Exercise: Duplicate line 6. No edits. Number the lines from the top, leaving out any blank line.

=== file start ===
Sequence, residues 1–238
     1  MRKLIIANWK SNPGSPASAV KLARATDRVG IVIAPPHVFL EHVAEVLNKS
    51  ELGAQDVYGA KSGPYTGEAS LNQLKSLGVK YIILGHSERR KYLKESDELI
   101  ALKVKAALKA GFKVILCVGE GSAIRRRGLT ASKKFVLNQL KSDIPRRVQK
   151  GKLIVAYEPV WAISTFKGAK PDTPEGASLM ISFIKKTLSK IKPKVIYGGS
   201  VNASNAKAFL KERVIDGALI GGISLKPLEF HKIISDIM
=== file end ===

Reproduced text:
   201  VNASNAKAFL KERVIDGALI GGISLKPLEF HKIISDIM